Opinions don’t matter? I’m glad to hear that. Your opinion doesn’t matter. But back to the subject at hand. Your claim is that there is one scientist at most on the other sides the issue. I’ve proven that statement to be false, but you deny your error?

      • Wussypillow

        “and the other side will listen. ”

        No, they won’t. It has been proven: The right WILL NOT listen to us.

        “There are two sides to every coin”

        But we’re not talking about coins; we’re talking about facts. Fuck your worthless analogies.

        • JamieHaman

          I think you may have missed the comment I replied to. Swgomes says the facts are not in question, the question is do we use them to be right or to reconcile.
          “Data, facts and evidence are not the issue, do we use them to be right or to reconcile ?”
          Nope, facts and evidence are not the issue, solutions are. There is ALWAYS more than 2 solutions to a problem. That was my point.
          Work on your reading and comprehension skills.

          • Wussypillow

            No, you are wrong.

  • scott stone

    My greatest issue with the climate change debate is the substitution of religious zeal for actual science. And that is on the part of those who purport to be adherents to science in the name of climate change. The science in this particular field is quite new and still developing; it is not “established” or “settled” by any rational stretch. There is no consensus as to exactly what this change will entail, nor any accurate way to predict what will happen given any action or inaction on our part as a species. (And as a side note, science is not about consensus.) In other words, nobody can say exactly how warm the planet will be in 10, 50, or 100 years. The last 16 years of data prove that.

    Contrast this to basic physics, where a given problem can be given to scientist the world over, and the exact same answer will be reached. Predictability and repeatability are the hallmarks of established sciences. Those who blindly state that climate change will doom us all, and cutting our carbon emissions is the only path to salvation are no better than religious zealots thumping their chosen texts.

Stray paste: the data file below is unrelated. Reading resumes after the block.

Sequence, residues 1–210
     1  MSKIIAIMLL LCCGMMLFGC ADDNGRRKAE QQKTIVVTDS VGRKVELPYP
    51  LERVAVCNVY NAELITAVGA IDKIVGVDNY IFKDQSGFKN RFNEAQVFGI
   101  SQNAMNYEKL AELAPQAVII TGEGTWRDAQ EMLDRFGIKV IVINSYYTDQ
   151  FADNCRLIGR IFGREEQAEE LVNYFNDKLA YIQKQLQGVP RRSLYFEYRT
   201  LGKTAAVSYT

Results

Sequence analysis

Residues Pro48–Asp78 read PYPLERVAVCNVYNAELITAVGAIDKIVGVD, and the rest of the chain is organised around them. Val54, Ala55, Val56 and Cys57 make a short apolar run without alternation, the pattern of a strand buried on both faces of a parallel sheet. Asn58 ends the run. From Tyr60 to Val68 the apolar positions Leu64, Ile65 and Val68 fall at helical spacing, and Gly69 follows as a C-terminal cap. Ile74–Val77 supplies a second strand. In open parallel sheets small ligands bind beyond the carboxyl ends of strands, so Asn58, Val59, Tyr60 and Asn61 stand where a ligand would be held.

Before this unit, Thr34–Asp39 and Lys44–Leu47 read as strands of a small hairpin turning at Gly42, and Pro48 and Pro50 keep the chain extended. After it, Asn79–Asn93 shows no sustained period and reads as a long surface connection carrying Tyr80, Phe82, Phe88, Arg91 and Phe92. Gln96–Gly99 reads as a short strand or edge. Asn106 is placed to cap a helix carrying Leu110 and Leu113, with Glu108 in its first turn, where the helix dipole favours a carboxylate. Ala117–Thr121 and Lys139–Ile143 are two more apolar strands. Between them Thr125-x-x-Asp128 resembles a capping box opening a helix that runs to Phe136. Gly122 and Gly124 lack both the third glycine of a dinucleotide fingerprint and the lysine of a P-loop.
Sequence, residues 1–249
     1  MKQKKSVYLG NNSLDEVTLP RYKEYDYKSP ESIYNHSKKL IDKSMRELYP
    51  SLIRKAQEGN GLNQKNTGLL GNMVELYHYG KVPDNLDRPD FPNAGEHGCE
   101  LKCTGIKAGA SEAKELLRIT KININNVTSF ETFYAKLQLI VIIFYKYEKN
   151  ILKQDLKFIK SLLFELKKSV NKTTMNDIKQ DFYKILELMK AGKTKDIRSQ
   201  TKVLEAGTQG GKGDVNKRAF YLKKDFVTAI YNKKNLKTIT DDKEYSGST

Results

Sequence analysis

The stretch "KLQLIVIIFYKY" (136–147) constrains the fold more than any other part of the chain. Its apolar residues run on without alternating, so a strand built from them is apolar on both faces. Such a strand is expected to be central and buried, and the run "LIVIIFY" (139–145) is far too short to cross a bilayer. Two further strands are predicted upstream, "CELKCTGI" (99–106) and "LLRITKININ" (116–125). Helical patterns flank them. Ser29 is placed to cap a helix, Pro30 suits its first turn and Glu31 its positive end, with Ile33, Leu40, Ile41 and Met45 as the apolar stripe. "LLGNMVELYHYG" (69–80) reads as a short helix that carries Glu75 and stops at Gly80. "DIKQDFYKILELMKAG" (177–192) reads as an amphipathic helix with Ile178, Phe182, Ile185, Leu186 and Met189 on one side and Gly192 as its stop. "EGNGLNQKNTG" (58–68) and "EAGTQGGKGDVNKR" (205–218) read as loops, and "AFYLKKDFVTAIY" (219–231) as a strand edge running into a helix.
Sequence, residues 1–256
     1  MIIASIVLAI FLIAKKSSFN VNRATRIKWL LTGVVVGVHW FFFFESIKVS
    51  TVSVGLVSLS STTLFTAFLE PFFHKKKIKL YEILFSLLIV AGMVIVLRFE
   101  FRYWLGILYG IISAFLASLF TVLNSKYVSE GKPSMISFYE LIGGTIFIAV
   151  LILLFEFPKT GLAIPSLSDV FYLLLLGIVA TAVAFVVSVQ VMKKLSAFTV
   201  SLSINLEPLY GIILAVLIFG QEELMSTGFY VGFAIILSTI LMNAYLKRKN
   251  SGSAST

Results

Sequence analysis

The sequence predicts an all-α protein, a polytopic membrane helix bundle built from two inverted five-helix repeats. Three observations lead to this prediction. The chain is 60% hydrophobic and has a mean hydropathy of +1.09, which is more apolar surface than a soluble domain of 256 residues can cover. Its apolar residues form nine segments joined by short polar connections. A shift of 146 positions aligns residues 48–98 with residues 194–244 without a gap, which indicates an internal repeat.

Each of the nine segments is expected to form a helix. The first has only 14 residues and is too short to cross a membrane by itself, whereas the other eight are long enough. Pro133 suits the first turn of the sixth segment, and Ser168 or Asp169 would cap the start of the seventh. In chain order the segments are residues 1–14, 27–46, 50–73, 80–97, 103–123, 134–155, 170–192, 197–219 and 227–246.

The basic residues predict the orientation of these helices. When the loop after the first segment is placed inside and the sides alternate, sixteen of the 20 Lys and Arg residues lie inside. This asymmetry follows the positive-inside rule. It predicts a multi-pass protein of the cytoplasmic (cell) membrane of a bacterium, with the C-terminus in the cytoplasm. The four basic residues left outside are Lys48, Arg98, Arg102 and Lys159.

I’m not being dismissive just for the sake of being contrary. What I’ve seen of the process does not give me confidence that a solid adherence to the “scientific method” has been allowed so far. The IPCC has admitted that they got 111 of their 114 climate models wrong in the September (2013) AR5 report. That’s a 97% failure rate. Back in their original 1990 report (FAR), they predicted we’d warm by +0.3 C per decade (up to +0.5 C per decade). Actually, we’ve warmed by +0.15 C per decade since 1990, including just +0.03 of warming since the late 1990s. So their 1990 predictions were off by 100%. Why should we have confidence that their current predictions are any more (or less) accurate?

    • jekylldoc

      scott –
      This is a confused response. No one is asking voters to consider current predictions “accurate”. The error bars are acknowledged to be rather wide. The problem is commercial interests using that imprecision to argue that we don’t know GHG are cooking the planet. We do.

      When that basic fact at the heart of the error bars is recognized, then it is clear that action needs to be taken. Externalities (side effects on the general well-being) don’t solve themselves, because there is no money in solving them unless the government does something about them. There are many possibilities for settling on a best guess and figuring out how much action to take. But one thing is certain: if we do nothing, we do harm to the environment that will take millenia to be undone.